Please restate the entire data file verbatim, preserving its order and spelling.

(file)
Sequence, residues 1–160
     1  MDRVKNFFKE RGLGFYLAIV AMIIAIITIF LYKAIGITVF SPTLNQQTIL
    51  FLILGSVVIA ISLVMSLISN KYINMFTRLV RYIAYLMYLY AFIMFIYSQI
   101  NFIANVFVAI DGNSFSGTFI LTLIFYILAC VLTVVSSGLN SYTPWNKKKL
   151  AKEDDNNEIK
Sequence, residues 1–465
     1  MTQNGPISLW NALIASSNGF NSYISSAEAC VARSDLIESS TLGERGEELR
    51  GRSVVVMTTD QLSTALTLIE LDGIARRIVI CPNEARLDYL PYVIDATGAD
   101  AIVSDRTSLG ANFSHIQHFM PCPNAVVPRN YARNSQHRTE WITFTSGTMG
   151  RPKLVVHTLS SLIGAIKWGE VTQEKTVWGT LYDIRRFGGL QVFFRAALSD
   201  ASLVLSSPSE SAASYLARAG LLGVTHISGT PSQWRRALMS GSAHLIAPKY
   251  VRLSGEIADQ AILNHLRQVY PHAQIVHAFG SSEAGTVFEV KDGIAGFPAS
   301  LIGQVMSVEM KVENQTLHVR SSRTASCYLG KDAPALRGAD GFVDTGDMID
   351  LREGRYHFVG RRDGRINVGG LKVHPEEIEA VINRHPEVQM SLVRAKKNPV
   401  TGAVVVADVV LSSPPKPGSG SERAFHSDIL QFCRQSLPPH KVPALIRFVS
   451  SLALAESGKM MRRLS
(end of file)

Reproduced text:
Sequence, residues 1–160
     1  MDRVKNFFKE RGLGFYLAIV AMIIAIITIF LYKAIGITVF SPTLNQQTIL
    51  FLILGSVVIA ISLVMSLISN KYINMFTRLV RYIAYLMYLY AFIMFIYSQI
   101  NFIANVFVAI DGNSFSGTFI LTLIFYILAC VLTVVSSGLN SYTPWNKKKL
   151  AKEDDNNEIK
Sequence, residues 1–465
     1  MTQNGPISLW NALIASSNGF NSYISSAEAC VARSDLIESS TLGERGEELR
    51  GRSVVVMTTD QLSTALTLIE LDGIARRIVI CPNEARLDYL PYVIDATGAD
   101  AIVSDRTSLG ANFSHIQHFM PCPNAVVPRN YARNSQHRTE WITFTSGTMG
   151  RPKLVVHTLS SLIGAIKWGE VTQEKTVWGT LYDIRRFGGL QVFFRAALSD
   201  ASLVLSSPSE SAASYLARAG LLGVTHISGT PSQWRRALMS GSAHLIAPKY
   251  VRLSGEIADQ AILNHLRQVY PHAQIVHAFG SSEAGTVFEV KDGIAGFPAS
   301  LIGQVMSVEM KVENQTLHVR SSRTASCYLG KDAPALRGAD GFVDTGDMID
   351  LREGRYHFVG RRDGRINVGG LKVHPEEIEA VINRHPEVQM SLVRAKKNPV
   401  TGAVVVADVV LSSPPKPGSG SERAFHSDIL QFCRQSLPPH KVPALIRFVS
   451  SLALAESGKM MRRLS